Robinson and McGuinness stoutly defend the value of foreign investment trips

Do you expect us to fly economy and stay in two-star hotels? asks First Minister. Give me fishing in Donegal any day, adds Deputy First Minister

Ahead of a five-day visit to China starting on Sunday both the First Minister and Deputy First Minister expressed considerable exasperation with some of the local media coverage of recent visits to China, Brazil and the United States.

Ahead of a five-day visit to China starting on Sunday both the First Minister and Deputy First Minister expressed considerable exasperation with some of the local media coverage of recent visits to China, Brazil and the United States.

 


Peter Robinson and Martin McGuinness have robustly argued the value of foreign visits and insisted a vital way of bringing jobs and investment to Northern Ireland is by developing personal relationships with international politicians and businesspeople.

Ahead of a five-day visit to China starting on Sunday both the First Minister and Deputy First Minister expressed considerable exasperation with some of the local media coverage of recent visits to China, Brazil and the United States.

Mr Robinson suggested at a briefing for journalists at Stormont Castle yesterday that some of the coverage attempted “to demean Northern Ireland’s political leaders by asking them to take a tent and go into a park . . .”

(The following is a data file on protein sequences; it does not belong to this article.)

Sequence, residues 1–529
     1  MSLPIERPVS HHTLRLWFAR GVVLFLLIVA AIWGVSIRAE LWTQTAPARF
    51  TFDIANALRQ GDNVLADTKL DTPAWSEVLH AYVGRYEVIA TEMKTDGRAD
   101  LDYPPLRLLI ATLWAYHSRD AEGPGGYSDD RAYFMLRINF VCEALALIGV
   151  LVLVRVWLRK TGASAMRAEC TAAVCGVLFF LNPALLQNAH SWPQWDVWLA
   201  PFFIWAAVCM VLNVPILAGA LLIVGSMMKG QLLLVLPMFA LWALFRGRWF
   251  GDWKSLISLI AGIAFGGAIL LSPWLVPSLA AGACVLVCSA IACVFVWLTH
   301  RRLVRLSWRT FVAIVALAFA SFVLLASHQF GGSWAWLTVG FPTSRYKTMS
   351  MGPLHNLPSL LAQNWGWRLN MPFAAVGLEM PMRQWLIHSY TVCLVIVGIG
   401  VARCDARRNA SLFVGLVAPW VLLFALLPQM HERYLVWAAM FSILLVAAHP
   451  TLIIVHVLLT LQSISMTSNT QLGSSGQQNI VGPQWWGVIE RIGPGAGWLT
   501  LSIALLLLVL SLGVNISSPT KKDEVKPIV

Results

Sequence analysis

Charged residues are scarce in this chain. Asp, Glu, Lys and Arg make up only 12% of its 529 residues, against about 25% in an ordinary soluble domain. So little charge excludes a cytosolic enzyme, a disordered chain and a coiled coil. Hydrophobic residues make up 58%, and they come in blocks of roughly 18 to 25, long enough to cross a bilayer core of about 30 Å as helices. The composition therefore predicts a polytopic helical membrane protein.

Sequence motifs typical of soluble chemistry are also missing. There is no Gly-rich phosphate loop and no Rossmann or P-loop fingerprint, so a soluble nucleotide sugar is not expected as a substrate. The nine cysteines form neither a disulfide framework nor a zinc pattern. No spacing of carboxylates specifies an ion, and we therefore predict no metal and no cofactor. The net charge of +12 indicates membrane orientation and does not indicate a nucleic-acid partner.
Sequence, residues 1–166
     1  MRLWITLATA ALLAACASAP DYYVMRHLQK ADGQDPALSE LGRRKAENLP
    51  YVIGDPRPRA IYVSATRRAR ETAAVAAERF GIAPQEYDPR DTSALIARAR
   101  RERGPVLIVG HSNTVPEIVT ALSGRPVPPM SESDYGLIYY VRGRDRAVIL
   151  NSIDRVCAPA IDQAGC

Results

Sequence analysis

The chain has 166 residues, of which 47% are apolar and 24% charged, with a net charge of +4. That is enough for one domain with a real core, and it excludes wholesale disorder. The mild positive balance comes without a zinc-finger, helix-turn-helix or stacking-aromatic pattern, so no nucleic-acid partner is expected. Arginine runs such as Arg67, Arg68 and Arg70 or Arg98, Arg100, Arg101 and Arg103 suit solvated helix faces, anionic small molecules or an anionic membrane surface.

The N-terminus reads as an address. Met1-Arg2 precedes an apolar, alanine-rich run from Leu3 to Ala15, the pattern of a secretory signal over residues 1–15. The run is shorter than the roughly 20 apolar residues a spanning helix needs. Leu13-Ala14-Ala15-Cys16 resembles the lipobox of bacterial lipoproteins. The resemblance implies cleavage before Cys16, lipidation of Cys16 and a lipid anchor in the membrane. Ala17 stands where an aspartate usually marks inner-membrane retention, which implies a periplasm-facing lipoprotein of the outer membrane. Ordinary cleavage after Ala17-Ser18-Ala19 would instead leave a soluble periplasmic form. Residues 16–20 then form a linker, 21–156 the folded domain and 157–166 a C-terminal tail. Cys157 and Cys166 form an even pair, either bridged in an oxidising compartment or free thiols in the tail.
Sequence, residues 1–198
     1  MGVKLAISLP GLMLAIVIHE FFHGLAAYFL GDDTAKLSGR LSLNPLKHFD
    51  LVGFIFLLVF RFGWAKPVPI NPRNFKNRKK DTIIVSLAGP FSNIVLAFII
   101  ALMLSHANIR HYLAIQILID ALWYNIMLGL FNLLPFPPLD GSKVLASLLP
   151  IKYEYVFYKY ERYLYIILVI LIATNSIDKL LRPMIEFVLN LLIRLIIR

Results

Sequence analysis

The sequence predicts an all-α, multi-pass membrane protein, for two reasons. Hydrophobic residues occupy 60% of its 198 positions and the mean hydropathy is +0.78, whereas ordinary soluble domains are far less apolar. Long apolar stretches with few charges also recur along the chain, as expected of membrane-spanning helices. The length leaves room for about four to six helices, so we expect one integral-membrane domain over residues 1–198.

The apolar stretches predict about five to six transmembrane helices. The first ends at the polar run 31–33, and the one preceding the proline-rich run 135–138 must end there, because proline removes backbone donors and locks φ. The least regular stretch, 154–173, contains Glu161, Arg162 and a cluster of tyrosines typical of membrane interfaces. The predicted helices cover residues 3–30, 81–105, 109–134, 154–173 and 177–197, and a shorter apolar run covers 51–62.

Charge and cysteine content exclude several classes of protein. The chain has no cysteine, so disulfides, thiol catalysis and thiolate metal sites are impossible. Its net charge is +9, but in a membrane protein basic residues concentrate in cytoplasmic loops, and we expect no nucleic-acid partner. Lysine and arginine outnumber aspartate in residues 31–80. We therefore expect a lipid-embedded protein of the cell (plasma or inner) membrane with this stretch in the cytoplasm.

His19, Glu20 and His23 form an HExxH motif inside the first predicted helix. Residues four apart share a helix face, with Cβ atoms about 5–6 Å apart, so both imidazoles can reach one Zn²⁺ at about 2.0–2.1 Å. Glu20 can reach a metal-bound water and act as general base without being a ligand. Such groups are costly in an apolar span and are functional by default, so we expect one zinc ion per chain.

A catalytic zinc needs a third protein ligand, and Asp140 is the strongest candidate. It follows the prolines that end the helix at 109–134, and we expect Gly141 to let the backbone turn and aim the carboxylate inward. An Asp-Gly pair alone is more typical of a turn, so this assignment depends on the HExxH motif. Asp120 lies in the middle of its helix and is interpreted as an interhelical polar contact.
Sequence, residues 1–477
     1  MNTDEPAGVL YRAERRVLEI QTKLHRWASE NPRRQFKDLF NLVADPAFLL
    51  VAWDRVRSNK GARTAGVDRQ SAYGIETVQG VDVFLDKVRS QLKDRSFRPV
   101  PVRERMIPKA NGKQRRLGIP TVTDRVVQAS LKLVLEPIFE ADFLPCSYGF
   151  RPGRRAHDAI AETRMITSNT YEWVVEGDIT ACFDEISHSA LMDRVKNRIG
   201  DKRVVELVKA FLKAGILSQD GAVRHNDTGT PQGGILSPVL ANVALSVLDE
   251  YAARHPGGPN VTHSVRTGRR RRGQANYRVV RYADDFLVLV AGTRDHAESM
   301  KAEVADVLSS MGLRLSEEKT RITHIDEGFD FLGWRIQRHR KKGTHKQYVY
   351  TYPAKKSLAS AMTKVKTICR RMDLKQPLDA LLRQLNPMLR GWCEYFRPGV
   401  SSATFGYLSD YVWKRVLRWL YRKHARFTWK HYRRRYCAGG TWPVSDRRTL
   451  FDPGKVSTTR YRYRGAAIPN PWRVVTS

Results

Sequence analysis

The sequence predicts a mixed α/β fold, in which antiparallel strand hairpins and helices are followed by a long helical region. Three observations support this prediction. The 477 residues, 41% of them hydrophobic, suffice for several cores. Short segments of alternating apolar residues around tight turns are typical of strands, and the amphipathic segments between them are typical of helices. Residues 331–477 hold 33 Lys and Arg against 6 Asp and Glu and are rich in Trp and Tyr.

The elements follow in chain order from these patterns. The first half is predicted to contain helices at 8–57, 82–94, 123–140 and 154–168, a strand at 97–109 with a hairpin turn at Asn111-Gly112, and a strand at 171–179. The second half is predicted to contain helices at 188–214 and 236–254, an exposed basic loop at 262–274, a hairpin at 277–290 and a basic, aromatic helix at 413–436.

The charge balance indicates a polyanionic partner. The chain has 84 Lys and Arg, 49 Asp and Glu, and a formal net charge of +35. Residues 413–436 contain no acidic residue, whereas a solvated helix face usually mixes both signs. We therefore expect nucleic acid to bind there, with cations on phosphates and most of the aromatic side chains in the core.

Credibility
“You take away your own credibility by suggesting that the leaders of a country should go economy class and go into two-star hotels,” he added.

This was a reference to some coverage which queried why Mr Robinson and Mr McGuinness flew business class and stayed in five-star hotels during last November’s visit to China and during a trip to Brazil and the United States in the spring. There were also claims that as the November China trip coincided with the Chinese Communist Party’s national conference that they met nobody of any influence.

Mr Robinson and Mr McGuinness yesterday said that had already developed a strong personal bond with Chinese vice-premier Madam Liu Yandong and on this trip to Beijing would be meeting her and Chinese commerce, education and foreign relations ministers to build on discussions and developments initiated during Madam Liu’s visit to Northern Ireland in April last year.

“I know that tabloid style you like talking about junkets and jollies and so forth. If some of you would like to pack your bags and come with us you will see how much of a jolly it is - if you can persuade your editors to let you go,” said Mr Robinson to reporters.